Speculation increases that Riley will return

Updated: July 16, 2005, 1:55 AM ET
Associated Press

MIAMI -- Reports that Miami Heat president Pat Riley is contemplating a return to coaching continued Friday, nearly a month after he announced plans to "take a little bit more of an active participation" during the coming season.

Team officials declined to comment Friday on the reports, and coach Stan Van Gundy -- Riley's longtime top assistant who was promoted before the start of the 2003-04 season -- told The Miami Herald he has not "heard anything."

Riley was unavailable for comment Friday, and attempts by The AP to reach Van Gundy were not immediately successful.

"I don't know what's going to go on," Heat guard Dwyane Wade said Friday night. "Right now, Stan Van Gundy's our coach."

Riley resigned a few days before the start of the 2003-04 season, turning the team over to Van Gundy -- who's gone 101-63 during the regular season, took the Heat to the Eastern Conference semifinals in his first season and guided Miami to the conference finals this past season.

During a conference call with reporters on June 17, Riley lauded the job Van Gundy has done as coach. The team gave Van Gundy a contract extension a year ago believed to be worth $2.5 million annually.

"Over the last couple of years, Stan has done a great job and I've stayed way into the background," Riley said during that call. "I may take a little bit more of an active participation in some of the things, but for the most part I'm content at doing what I'm doing."

Since then, Riley has said he was "embarrassed" over the "firestorm" that stemmed from that remark, and has denied that he has any immediate plans to remove Van Gundy from the sidelines.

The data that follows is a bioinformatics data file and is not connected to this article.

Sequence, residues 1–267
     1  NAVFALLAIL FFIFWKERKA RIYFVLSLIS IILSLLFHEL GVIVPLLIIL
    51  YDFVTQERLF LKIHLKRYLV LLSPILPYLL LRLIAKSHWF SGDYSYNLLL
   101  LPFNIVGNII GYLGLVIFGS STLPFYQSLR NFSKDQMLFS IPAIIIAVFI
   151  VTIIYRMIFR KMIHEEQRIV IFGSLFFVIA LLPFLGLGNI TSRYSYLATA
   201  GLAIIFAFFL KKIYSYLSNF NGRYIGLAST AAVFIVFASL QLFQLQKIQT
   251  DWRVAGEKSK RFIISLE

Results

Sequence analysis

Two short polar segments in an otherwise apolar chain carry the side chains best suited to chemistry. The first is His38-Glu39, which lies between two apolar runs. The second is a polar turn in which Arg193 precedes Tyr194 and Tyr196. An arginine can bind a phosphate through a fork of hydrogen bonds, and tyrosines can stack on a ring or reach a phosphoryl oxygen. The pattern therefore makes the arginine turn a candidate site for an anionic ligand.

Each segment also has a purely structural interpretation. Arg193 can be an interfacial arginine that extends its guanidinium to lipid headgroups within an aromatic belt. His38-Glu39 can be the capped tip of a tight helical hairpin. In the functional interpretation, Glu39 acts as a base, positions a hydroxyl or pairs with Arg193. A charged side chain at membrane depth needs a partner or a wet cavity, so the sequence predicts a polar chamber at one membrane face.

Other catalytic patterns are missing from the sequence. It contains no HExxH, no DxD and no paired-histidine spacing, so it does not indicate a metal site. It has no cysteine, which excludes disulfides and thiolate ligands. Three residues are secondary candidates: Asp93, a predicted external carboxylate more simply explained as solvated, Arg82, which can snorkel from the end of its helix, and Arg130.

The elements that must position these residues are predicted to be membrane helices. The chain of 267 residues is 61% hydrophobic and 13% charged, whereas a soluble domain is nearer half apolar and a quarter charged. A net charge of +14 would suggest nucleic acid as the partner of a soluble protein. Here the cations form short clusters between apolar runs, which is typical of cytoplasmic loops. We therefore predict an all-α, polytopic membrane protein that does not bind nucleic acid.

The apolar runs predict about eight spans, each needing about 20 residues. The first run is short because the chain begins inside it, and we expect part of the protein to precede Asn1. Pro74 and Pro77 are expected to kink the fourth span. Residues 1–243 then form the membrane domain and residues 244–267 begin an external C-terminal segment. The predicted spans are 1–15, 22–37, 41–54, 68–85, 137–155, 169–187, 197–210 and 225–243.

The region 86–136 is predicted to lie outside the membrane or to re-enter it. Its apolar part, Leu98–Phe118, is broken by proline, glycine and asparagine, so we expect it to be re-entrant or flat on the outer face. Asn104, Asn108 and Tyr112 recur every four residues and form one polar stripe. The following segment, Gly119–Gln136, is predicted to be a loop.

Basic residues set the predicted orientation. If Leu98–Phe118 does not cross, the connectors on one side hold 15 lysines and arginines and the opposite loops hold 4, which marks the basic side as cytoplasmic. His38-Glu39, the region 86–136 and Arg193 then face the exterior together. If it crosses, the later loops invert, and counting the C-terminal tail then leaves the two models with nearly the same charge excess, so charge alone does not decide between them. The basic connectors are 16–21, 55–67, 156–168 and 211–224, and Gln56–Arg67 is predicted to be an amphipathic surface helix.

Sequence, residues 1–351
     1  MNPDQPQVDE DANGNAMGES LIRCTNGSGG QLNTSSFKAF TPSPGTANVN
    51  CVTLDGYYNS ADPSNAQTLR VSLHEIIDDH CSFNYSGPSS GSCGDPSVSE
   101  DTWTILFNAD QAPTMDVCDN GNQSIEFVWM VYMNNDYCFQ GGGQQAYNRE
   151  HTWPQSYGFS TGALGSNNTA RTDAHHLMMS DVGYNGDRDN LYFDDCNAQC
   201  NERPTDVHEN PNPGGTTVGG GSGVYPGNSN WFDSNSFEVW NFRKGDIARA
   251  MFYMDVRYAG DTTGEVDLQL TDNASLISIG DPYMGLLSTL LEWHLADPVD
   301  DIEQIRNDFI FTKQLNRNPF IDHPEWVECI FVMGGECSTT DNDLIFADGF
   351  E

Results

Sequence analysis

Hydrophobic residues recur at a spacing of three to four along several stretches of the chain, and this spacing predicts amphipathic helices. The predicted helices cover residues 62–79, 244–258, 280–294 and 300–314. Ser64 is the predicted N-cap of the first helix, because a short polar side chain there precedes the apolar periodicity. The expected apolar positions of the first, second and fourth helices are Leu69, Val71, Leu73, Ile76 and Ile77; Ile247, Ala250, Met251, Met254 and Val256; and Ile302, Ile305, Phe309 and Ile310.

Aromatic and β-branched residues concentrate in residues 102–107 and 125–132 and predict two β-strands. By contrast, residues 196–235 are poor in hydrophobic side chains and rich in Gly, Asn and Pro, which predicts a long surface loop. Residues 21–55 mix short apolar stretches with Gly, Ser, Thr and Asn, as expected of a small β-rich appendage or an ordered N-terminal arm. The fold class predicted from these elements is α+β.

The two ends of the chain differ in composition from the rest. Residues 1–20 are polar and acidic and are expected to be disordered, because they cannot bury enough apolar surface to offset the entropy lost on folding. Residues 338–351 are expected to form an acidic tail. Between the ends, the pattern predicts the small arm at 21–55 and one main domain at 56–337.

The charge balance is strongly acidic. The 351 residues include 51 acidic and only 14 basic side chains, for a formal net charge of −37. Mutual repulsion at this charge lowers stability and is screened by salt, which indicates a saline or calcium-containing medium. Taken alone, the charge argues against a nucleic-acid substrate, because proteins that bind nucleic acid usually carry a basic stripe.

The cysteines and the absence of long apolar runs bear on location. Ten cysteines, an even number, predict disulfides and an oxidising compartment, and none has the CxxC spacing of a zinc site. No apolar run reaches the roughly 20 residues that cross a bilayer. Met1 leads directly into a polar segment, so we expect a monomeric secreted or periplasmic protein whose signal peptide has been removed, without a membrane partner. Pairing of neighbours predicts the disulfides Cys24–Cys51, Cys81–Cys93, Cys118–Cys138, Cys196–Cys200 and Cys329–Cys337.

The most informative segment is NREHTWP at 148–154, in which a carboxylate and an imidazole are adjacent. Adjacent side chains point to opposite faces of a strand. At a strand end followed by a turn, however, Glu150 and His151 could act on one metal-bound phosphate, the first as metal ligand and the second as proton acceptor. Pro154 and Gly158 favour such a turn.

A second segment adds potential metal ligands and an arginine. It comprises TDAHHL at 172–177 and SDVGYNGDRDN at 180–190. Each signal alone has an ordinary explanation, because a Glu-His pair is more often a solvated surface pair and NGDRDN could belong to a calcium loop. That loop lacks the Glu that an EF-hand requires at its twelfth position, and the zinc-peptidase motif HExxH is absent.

Yet several outlets, either without naming or citing sources, have insisted in recent days that Riley's return is indeed possible. Jack Ramsay, a former NBA coach and Heat broadcaster, said on ESPN Thursday that "Riley has indicated to Stan Van Gundy ... that he intends to return as coach of the Heat," and the Herald said a high-ranking team official believes a realistic chance of a change exists.

Riley has never denied that he misses coaching, even acknowledging that it was difficult to sit in the stands when the Heat made their playoff run this past season.

In 21 seasons as an NBA coach, Riley won 1,110 regular-season games, 155 playoff games and led the Los Angeles Lakers of the ``Showtime'' era to NBA championships in 1982, 1985, 1987 and 1988. He also coached the New York Knicks (1991-95) and the Heat (1995-2003).

Last summer, Riley met with the Lakers about the coaching vacancy they had at the time. A few weeks after that meeting, Riley completed a deal that sent three players and a draft pick to the Lakers in exchange for Shaquille O'Neal.


Copyright 2005 by The Associated Press

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